Power, in Weedon's (1987) interpretation of Foucault is:
a dynamic of control and lack of control between discourses and the subjects, constituted by discourses, who are their agents. Power is exercised within discourses in the ways in which they constitute and govern individual subjects (p. 113).
Foucault's focus is upon questions of how some discourses have shaped and created meaning systems that have gained the status and currency of 'truth', and dominate how we define and organize both ourselves and our social world, whilst other alternative discourses are marginalised and subjugated, yet potentially 'offer' sites where hegemonic practices can be contested, challenged and 'resisted'. He has looked specifically at the social construction of madness, punishment and sexuality. In Foucault's view, there is no fixed and definitive structuring of either social (or personal) identity or practices, as there is in a socially determined view in which the subject is completely socialized. Rather, both the formation of identities and practices are related to, or are a function of, historically specific discourses. An understanding of how these and other discursive constructions are formed may open the way for change and contestation.
Foucault developed the concept of the 'discursive field' as part of his attempt to understand the relationship between language, social institutions, subjectivity and power. Discursive fields, such as the law or the family, contain a number of competing and contradictory discourses with varying degrees of power to give meaning to and organize social institutions and processes. They also 'offer' a range of modes of subjectivity (Weedon, 1987, p. 35). It follows then that,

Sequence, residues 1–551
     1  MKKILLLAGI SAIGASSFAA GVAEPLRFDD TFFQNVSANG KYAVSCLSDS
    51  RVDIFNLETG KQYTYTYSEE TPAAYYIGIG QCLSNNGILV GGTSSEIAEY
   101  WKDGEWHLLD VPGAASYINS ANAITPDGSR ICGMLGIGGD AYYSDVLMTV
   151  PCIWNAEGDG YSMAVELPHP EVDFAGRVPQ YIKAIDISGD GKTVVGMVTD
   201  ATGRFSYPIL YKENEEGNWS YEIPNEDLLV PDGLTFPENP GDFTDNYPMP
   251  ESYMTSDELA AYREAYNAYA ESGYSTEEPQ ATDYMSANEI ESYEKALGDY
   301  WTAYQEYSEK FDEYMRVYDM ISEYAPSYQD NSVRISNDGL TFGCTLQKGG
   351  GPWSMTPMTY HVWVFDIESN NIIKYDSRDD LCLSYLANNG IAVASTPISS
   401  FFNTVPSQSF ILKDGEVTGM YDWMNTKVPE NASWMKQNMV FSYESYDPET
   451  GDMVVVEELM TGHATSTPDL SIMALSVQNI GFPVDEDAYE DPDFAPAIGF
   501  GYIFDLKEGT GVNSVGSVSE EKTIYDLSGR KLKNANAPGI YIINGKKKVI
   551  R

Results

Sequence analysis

if relations of power are dispersed and fragmented throughout the social field, so must resistance to power be (Diamond & Quinby, 1988, p. 185).
Foucault argues though, in The Order of Discourse, that the 'will to truth' is the major system of exclusion that forges discourse and which 'tends to exert a sort of pressure and something like a power of constraint on other discourses', and goes on further to ask the question 'what is at stake in the will to truth, in the will to utter this 'true' discourse, if not desire and power?' (1970, cited in Shapiro 1984, p. 113-4).
Thus, there are both discourses that constrain the production of knowledge, dissent and difference and some that enable 'new' knowledges and difference(s). The questions that arise within this framework, are to do with how some discourses maintain their authority, how some 'voices' get heard whilst others are silenced, who benefits and how - that is, questions addressing issues of power/ empowerment/ disempowerment.